Pollination from the Bee Farmers Association
##Honey bees play an important role in the #pollination of many crops. Managed pollination is the most efﬁcient way to achieve this for top fruits and soft fruits to arable crops such as oil seed rape (OSR), ﬁeld beans and borage.
The increasing size of today’s ﬁelds and orchards along with high costs involved using artiﬁcial fertilisers mean that farmers should be looking to consider the beneﬁts of managed pollination. By putting the correct number of managed hives into or around these crops guarantees pollination. It also increases yield and provides better quality fruit. Wild pollinators and domestic pollinator populations (bumble #bees, solitary bees, hover ﬂies) are at an all time low and most feral #honey bee colonies have been lost to #varroa, yet another reason that pollination management has become increasingly important to the farmer and the environment.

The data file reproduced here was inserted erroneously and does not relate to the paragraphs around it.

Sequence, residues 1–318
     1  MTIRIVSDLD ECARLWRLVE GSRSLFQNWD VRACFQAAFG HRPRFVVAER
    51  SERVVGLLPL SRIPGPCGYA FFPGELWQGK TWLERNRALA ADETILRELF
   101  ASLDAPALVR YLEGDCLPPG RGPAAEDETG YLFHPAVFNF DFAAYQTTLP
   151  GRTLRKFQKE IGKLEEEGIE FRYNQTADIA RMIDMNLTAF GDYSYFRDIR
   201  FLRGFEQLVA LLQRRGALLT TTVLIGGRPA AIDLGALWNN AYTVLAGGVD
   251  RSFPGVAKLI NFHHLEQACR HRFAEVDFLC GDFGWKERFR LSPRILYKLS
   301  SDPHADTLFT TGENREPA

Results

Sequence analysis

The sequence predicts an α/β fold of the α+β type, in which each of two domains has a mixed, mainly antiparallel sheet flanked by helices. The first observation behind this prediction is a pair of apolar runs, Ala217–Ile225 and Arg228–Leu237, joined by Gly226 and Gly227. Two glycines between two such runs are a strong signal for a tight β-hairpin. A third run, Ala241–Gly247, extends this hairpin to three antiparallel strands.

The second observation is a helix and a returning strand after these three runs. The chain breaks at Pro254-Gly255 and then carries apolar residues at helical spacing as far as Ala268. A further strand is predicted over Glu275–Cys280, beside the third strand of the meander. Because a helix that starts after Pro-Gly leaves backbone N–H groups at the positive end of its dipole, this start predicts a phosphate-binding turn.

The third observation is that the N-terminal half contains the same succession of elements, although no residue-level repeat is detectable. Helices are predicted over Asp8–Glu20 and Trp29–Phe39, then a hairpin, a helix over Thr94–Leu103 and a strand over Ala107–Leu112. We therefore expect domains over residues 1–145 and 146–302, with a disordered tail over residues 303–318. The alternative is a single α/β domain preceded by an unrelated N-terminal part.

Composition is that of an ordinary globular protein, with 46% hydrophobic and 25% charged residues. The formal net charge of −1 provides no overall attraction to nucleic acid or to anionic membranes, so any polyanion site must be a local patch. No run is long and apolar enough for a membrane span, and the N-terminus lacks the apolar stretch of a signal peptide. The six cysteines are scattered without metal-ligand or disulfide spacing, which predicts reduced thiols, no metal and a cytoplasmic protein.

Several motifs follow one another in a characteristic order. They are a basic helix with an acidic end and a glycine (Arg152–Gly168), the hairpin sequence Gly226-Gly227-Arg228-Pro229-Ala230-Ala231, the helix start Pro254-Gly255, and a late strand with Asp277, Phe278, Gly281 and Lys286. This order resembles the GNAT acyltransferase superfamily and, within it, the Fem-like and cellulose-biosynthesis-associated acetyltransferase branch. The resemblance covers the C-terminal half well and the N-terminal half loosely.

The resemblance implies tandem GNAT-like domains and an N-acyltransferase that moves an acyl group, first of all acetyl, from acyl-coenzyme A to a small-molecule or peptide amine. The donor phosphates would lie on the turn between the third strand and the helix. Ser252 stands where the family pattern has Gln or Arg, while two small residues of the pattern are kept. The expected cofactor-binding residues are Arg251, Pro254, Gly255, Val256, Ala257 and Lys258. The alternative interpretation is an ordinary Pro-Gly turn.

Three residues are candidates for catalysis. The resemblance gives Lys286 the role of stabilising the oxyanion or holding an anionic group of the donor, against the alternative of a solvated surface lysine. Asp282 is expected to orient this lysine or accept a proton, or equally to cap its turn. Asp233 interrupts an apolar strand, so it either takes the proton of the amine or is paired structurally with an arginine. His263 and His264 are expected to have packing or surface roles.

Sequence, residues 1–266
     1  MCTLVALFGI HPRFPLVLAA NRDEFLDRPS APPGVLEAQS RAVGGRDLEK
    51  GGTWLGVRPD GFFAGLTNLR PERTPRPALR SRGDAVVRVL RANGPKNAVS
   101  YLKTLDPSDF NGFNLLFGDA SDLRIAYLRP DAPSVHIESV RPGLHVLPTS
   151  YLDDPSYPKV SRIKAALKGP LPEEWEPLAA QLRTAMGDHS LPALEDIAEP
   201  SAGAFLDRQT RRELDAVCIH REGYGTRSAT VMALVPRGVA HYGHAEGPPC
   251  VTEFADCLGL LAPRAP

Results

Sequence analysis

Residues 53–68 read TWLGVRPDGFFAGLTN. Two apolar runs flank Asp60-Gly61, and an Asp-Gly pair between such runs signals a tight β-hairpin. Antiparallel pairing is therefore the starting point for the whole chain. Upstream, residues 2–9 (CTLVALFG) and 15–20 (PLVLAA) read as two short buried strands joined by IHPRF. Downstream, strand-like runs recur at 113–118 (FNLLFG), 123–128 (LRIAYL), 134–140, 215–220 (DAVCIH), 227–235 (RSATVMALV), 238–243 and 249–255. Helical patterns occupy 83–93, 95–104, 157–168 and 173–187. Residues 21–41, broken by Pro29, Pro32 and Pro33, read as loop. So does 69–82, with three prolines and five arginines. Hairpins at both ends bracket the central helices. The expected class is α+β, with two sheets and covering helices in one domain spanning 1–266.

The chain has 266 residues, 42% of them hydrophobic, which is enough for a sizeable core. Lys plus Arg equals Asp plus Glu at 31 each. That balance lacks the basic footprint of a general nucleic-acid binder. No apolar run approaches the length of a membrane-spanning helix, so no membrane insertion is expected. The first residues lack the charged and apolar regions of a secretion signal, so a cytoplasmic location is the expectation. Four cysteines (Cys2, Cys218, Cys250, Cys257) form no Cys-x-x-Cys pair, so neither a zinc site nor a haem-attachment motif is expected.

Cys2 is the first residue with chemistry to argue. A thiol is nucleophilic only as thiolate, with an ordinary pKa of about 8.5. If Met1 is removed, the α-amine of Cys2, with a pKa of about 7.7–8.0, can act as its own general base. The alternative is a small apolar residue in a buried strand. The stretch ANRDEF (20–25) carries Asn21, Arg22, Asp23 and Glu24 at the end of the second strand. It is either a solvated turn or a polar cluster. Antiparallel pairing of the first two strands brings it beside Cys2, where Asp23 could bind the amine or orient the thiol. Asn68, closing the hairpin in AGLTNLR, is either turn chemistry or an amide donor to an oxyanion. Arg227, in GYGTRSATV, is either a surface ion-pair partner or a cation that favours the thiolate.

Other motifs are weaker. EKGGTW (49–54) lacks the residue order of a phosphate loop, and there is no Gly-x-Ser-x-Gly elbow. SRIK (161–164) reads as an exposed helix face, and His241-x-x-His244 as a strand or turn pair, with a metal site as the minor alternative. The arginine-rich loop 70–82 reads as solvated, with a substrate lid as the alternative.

Natural pollinators such as bumble bees and solitary bees are very small colonies by early spring , when they are most needed. Their queens will have just begun to set up nests and are rearing young worker bees. The beneﬁts of #honey bees placed in early spring are huge in comparison as honey bee colonies coming out of the winter will contain 25,000/30,000 bees with the queen. This means that one honey bee colony equals 300 bumble bee colonies.
Research in Canada shows an improvement in seed yield by 15-20 per cent with the presence of honey bees at two hives per hectare compared to the absence of hives (2005 Sabbahi). There is also the beneﬁt of a uniform and early pod set with a much shorter ﬂowering period of nearly four days which could beneﬁt disease control.
If OSR is grown for seed the presence of bees also increases germination success from 83 per cent to 96 per cent. Oil content is also increases by approximately 4 per cent.